Table IV: Bivariate regressions of the self-reported hurdle rate and the hurdle premium on selected financial variables. We run the regression below with the self-reported hurdle rate (columns 2-4) or the hurdle premium (columns 5-10) as the dependent variable y. We define the hurdle premium as the self-reported hurdle rate minus the computed weighted average cost of capital (WACC). The results for the hurdle premium regressions are reported for two scenarios for the equity premium: The equity premium is set to the historical average excess return of large stocks over long-term bonds from January 1926 to December 2003 of 6.6% (columns 5-7) or the CFO consensus forecast in December 2003 of 3.6% taken from Graham and Harvey (2006) (columns 8-10).
yi  a  b (Financial variable) i  ei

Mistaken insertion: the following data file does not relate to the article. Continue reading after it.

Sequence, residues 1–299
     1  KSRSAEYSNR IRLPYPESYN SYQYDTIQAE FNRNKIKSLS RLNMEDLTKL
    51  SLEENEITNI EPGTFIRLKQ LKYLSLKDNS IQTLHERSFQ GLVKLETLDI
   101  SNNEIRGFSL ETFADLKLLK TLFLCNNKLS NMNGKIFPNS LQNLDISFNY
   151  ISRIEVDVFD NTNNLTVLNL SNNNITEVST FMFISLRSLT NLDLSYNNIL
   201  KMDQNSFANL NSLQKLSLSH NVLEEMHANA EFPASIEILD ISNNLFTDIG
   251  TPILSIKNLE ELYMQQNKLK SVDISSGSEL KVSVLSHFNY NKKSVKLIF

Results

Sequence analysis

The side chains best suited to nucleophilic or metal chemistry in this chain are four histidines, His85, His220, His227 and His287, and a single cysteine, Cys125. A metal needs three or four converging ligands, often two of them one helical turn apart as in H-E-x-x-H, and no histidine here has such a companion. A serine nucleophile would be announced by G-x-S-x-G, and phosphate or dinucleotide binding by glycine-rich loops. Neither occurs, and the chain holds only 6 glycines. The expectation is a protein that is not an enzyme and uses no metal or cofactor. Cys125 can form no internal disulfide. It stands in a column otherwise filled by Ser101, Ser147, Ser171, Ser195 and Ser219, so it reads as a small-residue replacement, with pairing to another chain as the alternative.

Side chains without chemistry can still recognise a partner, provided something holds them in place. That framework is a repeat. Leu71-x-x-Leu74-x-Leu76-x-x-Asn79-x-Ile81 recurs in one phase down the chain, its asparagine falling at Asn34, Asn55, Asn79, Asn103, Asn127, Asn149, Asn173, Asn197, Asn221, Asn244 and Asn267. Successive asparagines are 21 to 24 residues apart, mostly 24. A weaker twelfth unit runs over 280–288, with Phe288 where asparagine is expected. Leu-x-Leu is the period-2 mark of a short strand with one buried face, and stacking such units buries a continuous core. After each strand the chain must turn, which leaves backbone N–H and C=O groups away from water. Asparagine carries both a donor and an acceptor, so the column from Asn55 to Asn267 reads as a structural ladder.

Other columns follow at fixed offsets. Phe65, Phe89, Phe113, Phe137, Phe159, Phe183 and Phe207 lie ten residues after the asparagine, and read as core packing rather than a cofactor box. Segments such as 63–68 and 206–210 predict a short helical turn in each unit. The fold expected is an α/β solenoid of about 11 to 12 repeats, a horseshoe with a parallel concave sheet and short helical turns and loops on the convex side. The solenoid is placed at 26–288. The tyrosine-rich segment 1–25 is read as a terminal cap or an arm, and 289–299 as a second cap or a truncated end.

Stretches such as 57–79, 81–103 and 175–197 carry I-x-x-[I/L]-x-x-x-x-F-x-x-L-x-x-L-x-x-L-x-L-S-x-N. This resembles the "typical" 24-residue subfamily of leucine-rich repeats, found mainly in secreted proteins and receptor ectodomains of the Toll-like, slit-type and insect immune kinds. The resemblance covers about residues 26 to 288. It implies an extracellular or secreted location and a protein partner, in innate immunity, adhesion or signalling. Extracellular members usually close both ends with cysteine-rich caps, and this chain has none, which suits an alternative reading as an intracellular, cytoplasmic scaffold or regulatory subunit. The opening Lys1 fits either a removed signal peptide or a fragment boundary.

The table shows the set of explanatory variables in the first column, the estimated coefficients a and b along with the t-statistics in parenthesis below, and the R-squares. The variable systematic risk is defined as  i m , where  i is the beta regression for firm i and  m the standard deviation of the monthly returns on the S&P 500 over the past five years, and unsystematic risk is defined correspondingly as  i2   i2 i2 using 5 years of monthly data, where  i is the standard deviation of firm i over the same time horizon. The observations above/below the mean +/- two standard deviations are dropped for the two ratios market/book assets (2 observations with very small book value) and current ratio (4 observations). The variable “past average 5-year industry return” measures the median return over the past five years for all firms in CRSP with the same two-digit SIC code. The binary variables “capital constraints”, “managerial constraints”, and “adjust for optimistic cash flows” are 1 for firms answering that these are important or very important, and 0 otherwise. Similarly, the binary variable “risk adjustments to hurdle rates” is 1 if firms always or almost always adjust hurdle rates for risk (scores 1 and 2 on a scale from -2 to 2) and 0 otherwise. “Firm recently changed hurdle rate” is 1 if the firm has adjusted the hurdle rate during the past three years, and 0 otherwise. “Average industry R-square” is the median R-square of the market model regressions for all firms within the same two-digit SIC category, using 5 years of monthly data. Significantly different from zero at the 1% level ***; at the 5% level **; at the 10% level *. Financial variable Self-reported hurdle rate Equity premium 6.6% Constant. Coeff. R2 9.85 0.52 0.18 (7.08)*** (3.81)*** . 12.78 2.12 0.09 (13.91)*** (2.64)** . 11.38 0.06 0.13 (10.18)*** (3.36)*** . 12.76 0.12 0.09 (13.89)*** (2.67)*** . 11.67 0.06 0.12 (10.51)*** (3.16)*** . Hurdle premium Equity premium 6.6% Constant Coeff. R2 9.85 -0.48 0.16 (7.08)*** (-3.56)*** . 8.04 -2.94 0.18 (8.95)*** (-3.82)*** . 7.33 -0.04 0.05 (6.09)*** (-1.94)* . 8.03 -0.17 0.17 (8.92)*** (-3.79)*** . 6.79 -0.03 0.03 (5.72)*** (-1.46) . Equity premium 3.6% Constant Coeff. R2 8.70 -0.17 0.01 (4.73)*** (-0.71) . 8.07 -0.67 0.01 (8.74)*** (-0.84) . 7.30 0.00 0.00 (6.30)*** (0.14) . 8.05 -0.04 0.01 (8.71)*** (-0.81) . 7.08 0.01 0.00 (6.27)*** (0.38) .